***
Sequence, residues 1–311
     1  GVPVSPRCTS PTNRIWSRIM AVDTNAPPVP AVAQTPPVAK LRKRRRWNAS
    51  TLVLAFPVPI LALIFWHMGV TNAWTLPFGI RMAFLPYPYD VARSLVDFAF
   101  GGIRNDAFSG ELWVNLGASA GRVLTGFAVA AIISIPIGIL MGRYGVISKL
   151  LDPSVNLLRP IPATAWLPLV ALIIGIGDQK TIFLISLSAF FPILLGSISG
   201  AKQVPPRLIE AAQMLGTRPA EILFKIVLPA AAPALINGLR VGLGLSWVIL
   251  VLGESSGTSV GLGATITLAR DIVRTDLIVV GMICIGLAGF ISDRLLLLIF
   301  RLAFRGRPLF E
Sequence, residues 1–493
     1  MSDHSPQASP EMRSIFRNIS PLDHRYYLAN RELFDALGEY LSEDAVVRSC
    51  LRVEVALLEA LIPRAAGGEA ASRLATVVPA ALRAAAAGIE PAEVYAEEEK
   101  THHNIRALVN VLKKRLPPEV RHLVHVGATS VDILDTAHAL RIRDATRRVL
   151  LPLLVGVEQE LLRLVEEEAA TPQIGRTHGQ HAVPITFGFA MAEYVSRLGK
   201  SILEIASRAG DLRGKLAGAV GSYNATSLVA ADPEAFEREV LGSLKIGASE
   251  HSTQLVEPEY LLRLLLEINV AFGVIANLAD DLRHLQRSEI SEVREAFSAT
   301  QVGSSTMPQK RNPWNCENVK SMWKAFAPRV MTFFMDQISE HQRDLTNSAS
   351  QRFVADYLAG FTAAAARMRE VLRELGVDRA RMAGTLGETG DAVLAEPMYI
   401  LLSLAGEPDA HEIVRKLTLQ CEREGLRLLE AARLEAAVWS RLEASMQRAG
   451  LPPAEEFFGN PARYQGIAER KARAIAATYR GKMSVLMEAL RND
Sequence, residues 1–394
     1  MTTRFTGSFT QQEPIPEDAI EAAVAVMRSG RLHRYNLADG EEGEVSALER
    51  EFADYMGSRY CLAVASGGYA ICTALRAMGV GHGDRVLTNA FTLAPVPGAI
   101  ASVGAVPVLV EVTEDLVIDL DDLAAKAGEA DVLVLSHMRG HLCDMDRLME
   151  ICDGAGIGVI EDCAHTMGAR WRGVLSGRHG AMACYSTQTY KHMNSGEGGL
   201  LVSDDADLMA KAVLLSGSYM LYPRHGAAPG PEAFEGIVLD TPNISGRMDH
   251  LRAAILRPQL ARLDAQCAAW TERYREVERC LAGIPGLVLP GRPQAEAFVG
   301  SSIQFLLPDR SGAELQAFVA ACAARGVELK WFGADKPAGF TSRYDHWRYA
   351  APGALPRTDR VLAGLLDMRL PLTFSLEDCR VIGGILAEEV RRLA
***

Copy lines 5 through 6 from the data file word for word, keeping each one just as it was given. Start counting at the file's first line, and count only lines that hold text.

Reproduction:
   151  LDPSVNLLRP IPATAWLPLV ALIIGIGDQK TIFLISLSAF FPILLGSISG
   201  AKQVPPRLIE AAQMLGTRPA EILFKIVLPA AAPALINGLR VGLGLSWVIL